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Friday, May 4

De-escalating the Syria-Israel confrontation

Visit Riehl World View for a roundup of news and interesting opinion on Condoleezza Rice's meeting at Sharm el-Sheikh with her Syrian counterpart. The meeting takes on great importance in light of David Makovsky's analysis of whether Israel and Syria are headed to war. Makovsky's advice specifically addresses UN Security Resolution 1701, which was the outcome of last summer's war between Hezbollah and Israel.
[1701] deployed thousands of U.N. peacekeepers to southern Lebanon. The presence of such forces there has constrained Hezbollah, even though the peacekeepers have not attempted to disarm Hezbollah fighters. However, a key provision of the resolution -- an international embargo to prevent weaponry from entering Lebanon -- has not been met. Just two weeks ago the Security Council voiced concern that this resolution has not been implemented fully.

It has been widely reported that arms from Syria are being smuggled into Lebanon, and Israeli officials say that Hezbollah is hiding Syrian-manufactured 220mm rockets just beyond the jurisdiction of the peacekeepers but within range of northern Israel.

There is open speculation in Israel and Lebanon about the possibility of the conflict resuming this summer.

Two other factors add fuel to the fire. First, Syria is colluding with Hezbollah to destabilize the Lebanese government, fearing Beirut's commitment to prosecuting the killers of former prime minister Rafiq al-Hariri, the beloved leader slain in February 2005.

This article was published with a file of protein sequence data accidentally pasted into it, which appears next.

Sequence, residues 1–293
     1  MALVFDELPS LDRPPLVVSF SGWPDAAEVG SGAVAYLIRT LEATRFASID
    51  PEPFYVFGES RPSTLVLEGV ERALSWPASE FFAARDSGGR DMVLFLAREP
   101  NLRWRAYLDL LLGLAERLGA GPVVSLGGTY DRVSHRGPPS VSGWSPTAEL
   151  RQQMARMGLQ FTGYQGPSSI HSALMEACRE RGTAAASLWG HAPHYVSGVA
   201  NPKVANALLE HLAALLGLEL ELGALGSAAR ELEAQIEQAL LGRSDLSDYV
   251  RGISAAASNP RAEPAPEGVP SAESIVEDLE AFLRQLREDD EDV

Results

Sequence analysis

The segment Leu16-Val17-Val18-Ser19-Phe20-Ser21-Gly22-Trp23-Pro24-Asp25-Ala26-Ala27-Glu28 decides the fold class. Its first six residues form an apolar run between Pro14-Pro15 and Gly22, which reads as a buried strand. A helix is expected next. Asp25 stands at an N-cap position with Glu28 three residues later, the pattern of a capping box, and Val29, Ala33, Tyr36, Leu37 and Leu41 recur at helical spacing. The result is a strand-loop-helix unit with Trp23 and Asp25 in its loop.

Second, in an eerie echo of the run-up to the 1967 war, U.S. and Israeli officials say Moscow is once again telling Damascus that Israel has plans to attack Syria. Israeli security officials say that Syria's new military deployments reflect this Russian advice. Concerned that such a deployment might dangerously turn from defensive to offensive, Olmert took the unusual step of declaring last month that Israel has no desire to start a war with Syria. But the prospects for miscalculation remain high.

Syria believes that Israel sees war as a means of regaining a deterrent that was weakened last summer, and Israel believes that Syria sees its relationship with Iran and Hezbollah as a winning combination.

On top of all this, Hamas's approach to a cease-fire in Gaza is one of observation, not enforcement. Specifically, Hamas has done nothing to halt the firing of more than a thousand Qassam rockets from Gaza, which Israel evacuated from in 2005, into southern Israel over the past year, and last week it publicly asserted responsibility for some such attacks. The cease-fire has never been defined, so there are no obligations constraining the Israelis or Palestinians.

It is worth recalling that Hezbollah's provocative attack last summer was staged in sympathy: It kidnapped two soldiers after Hamas kidnapped Israeli Cpl. Gilad Shalit last June.Amid all these problems, and given Olmert's teetering position and the Arab League's insistence after its March summit in Riyadh that its peace plan is a take-it-or-leave-it proposition, it is hard to believe that Secretary of State Condoleezza Rice will succeed in negotiating a "political horizon" -- namely, fleshing out guiding principles that would govern a resolution of the Israeli-Palestinian conflict -- until the Israeli political situation stabilizes and there is greater clarity about and a moderate direction to the Palestinian "unity government."

This situation does not argue for U.S. passivity. Rather, Rice should lead an international coalition to defuse multiple looming crises in Arab-Israeli arenas. The international community can and should agree to follow up U.N. Resolution 1701 with one involving the deployment of U.N. peacekeeping troops on the Syrian-Lebanese border. Avoiding another outbreak of violence could make Rice's political horizon a more likely possibility once the Israeli leadership crisis eases.

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